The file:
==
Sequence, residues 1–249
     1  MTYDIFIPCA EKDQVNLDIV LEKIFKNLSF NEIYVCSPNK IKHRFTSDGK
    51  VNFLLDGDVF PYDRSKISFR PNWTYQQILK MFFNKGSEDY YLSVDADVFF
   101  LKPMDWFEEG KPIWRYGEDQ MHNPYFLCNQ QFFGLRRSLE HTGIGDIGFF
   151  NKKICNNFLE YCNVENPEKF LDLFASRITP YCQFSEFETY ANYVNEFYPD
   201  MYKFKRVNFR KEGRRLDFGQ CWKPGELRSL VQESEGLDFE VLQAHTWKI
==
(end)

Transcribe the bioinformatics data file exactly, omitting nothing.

Sequence, residues 1–249
     1  MTYDIFIPCA EKDQVNLDIV LEKIFKNLSF NEIYVCSPNK IKHRFTSDGK
    51  VNFLLDGDVF PYDRSKISFR PNWTYQQILK MFFNKGSEDY YLSVDADVFF
   101  LKPMDWFEEG KPIWRYGEDQ MHNPYFLCNQ QFFGLRRSLE HTGIGDIGFF
   151  NKKICNNFLE YCNVENPEKF LDLFASRITP YCQFSEFETY ANYVNEFYPD
   201  MYKFKRVNFR KEGRRLDFGQ CWKPGELRSL VQESEGLDFE VLQAHTWKI